At the eleventh hour, Sears has found someone to keep 400 of the company’s stores open and the lights on.
On Wednesday, Eddie Lampert, the chairman of Sears Holdings, struck a $5 billion deal to save the 126-year-old chain. The deal was struck after days of closed door push-and-pull over the number of jobs that would be saved, how Sears’ creditors would be paid, and what components -- like Sears Home Services -- would be kept alive.
As late as Tuesday night, the bid from Lampert’s hedge fund, ESL Investments, seemed doomed. Bloomberg News reported that people familiar with the situation said that the $5 billion final bid was $150 million over its previous offer.
Who is this Lampert fellow?
Lampert is well-known around Sears. The billionaire constructed Kmart’s $11 billion acquisition of Sears back in 2005 and, through his ESL hedge fund, is Sears’ largest shareholder. According to the Chicago Tribune, he’s provided Sears with more than $2.4 billion in loans and other financing over the last few years.
Can Sears compete in the digital world?
Sears, Toys “R” Us, and other big box stores have felt the pinch of consumers moving toward online shopping. Now that it has a reprieve, Sears is faced with the task of re-inventing its business model like WalMart and Target have to make themselves viable.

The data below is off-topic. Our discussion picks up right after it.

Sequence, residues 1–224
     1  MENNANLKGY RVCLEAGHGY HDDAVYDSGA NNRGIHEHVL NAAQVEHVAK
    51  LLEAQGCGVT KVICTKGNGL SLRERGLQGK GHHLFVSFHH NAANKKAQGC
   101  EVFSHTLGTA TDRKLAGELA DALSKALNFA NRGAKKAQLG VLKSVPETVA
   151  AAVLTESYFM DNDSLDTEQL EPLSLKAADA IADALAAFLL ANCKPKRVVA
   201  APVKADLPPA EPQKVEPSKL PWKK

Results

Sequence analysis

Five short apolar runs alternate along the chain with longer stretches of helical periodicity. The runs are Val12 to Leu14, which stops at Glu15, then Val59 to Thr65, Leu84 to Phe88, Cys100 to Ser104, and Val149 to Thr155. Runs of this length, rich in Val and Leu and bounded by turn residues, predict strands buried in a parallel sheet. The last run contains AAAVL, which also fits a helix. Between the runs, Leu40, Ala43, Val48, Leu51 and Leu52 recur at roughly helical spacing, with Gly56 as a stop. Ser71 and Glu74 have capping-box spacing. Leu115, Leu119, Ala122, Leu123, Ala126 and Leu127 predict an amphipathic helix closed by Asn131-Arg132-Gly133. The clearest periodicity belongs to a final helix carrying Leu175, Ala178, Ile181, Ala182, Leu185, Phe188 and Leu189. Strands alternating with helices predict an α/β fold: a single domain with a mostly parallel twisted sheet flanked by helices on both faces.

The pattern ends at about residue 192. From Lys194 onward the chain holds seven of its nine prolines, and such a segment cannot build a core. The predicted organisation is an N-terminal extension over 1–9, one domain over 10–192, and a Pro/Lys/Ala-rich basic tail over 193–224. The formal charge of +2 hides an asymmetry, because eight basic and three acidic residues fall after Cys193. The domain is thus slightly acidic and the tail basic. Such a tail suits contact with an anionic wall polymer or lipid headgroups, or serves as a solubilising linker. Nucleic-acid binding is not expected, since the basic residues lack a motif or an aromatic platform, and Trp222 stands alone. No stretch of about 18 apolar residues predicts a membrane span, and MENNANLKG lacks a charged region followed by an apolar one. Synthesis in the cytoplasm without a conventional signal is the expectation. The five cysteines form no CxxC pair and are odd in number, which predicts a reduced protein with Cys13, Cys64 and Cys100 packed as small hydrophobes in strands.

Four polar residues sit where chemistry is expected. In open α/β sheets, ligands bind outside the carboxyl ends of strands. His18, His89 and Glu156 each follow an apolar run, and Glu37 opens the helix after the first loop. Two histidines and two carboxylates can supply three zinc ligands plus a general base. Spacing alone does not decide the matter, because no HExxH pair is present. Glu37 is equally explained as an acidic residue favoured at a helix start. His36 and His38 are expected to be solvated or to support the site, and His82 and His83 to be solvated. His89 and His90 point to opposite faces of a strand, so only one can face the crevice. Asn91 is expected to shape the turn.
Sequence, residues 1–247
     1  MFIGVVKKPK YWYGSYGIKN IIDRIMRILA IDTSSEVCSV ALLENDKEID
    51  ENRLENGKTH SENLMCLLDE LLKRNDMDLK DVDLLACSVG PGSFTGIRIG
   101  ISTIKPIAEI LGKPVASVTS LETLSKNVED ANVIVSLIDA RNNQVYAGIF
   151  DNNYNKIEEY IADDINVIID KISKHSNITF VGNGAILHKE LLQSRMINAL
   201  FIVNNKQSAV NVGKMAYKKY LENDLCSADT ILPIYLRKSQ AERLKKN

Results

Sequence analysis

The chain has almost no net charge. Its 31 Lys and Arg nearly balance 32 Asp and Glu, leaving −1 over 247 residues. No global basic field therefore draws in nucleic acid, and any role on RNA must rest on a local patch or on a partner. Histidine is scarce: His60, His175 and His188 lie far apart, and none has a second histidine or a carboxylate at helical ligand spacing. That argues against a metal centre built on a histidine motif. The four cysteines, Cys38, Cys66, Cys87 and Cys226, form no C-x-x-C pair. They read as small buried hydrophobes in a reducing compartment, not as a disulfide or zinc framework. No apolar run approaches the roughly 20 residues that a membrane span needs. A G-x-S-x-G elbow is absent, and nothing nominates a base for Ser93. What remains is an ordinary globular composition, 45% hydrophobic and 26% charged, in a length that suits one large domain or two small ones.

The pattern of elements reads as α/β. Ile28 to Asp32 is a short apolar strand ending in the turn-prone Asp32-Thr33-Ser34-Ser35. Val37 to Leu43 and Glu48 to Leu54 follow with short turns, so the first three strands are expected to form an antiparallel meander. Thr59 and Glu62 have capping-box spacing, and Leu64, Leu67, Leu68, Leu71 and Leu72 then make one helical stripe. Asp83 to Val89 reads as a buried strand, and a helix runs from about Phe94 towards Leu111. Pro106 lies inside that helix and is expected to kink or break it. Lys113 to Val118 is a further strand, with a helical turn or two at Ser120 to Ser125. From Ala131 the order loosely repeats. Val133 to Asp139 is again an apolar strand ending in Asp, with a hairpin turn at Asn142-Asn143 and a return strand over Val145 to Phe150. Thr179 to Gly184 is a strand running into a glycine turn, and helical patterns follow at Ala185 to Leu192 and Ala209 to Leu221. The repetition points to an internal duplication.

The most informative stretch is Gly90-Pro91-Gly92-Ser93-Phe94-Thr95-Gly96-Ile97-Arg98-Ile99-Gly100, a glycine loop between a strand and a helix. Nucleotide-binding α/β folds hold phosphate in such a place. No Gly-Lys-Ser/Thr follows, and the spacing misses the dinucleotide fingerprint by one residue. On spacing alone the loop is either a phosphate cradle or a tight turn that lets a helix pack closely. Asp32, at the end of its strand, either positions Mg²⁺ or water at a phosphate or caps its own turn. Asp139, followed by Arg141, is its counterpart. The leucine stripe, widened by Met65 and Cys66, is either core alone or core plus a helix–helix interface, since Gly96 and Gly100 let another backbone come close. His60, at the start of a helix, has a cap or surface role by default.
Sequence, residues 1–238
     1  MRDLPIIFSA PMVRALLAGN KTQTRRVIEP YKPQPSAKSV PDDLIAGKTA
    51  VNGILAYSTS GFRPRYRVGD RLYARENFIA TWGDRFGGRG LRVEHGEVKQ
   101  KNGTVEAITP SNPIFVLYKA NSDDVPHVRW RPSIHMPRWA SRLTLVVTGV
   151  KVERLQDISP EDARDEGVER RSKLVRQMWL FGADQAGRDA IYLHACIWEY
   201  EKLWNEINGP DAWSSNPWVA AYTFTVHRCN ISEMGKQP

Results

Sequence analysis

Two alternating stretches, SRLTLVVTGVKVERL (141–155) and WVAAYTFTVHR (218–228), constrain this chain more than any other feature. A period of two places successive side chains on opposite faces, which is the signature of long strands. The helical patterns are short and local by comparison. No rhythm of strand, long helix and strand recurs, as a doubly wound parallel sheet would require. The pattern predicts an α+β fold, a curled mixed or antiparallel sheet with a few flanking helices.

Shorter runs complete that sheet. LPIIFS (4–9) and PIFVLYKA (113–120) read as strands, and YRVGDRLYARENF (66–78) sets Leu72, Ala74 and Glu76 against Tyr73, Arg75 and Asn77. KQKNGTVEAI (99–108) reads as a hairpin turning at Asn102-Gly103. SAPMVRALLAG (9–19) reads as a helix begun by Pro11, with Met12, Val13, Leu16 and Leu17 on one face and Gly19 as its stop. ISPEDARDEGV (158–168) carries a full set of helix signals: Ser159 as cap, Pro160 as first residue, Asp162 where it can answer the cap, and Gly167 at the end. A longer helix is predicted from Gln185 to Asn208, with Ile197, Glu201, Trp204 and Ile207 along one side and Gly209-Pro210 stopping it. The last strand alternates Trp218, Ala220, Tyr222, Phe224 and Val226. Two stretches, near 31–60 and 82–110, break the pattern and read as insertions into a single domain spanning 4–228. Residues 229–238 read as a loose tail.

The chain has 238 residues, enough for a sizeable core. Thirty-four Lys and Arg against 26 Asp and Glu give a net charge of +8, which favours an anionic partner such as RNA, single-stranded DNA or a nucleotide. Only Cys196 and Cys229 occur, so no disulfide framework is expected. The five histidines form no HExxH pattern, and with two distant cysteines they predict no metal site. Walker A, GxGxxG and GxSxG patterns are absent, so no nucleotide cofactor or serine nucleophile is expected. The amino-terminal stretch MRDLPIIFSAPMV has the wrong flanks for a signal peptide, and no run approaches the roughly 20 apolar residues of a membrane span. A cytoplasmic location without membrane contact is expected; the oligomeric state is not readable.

Sears, under Lampert’s direction, was actually an early adopter of online shopping. In his 2011 shareholder’s letter, he bragged that Sears Holdings was named “Overall Best-in-Class" for its mobile efforts and ranked second for its online consumer experience, even going as far as comparing Sears’ strategy to Microsoft and Apple.
However, Lampert’s best laid plans for online prosperity didn’t succeed. Left with few choices, he opted to shave off $1 billion in expenses by selling off Craftsman tools and spinning off Land’s End. He also put a lot of the company’s retail footprints up on the real estate market in hopes of companies like Whole Foods taking over the left-behind space.
Still, some say the company has a lot more to pare down.
“Scale, which is critical to competing in retail today, will be lacking and its core customer proposition still remains in question,’’ said Moody’s Corp. Vice President Christina Boni. “Sears had been shrinking its store base and reducing costs in recent years, but improvement in sales trends and profitability remained elusive.’’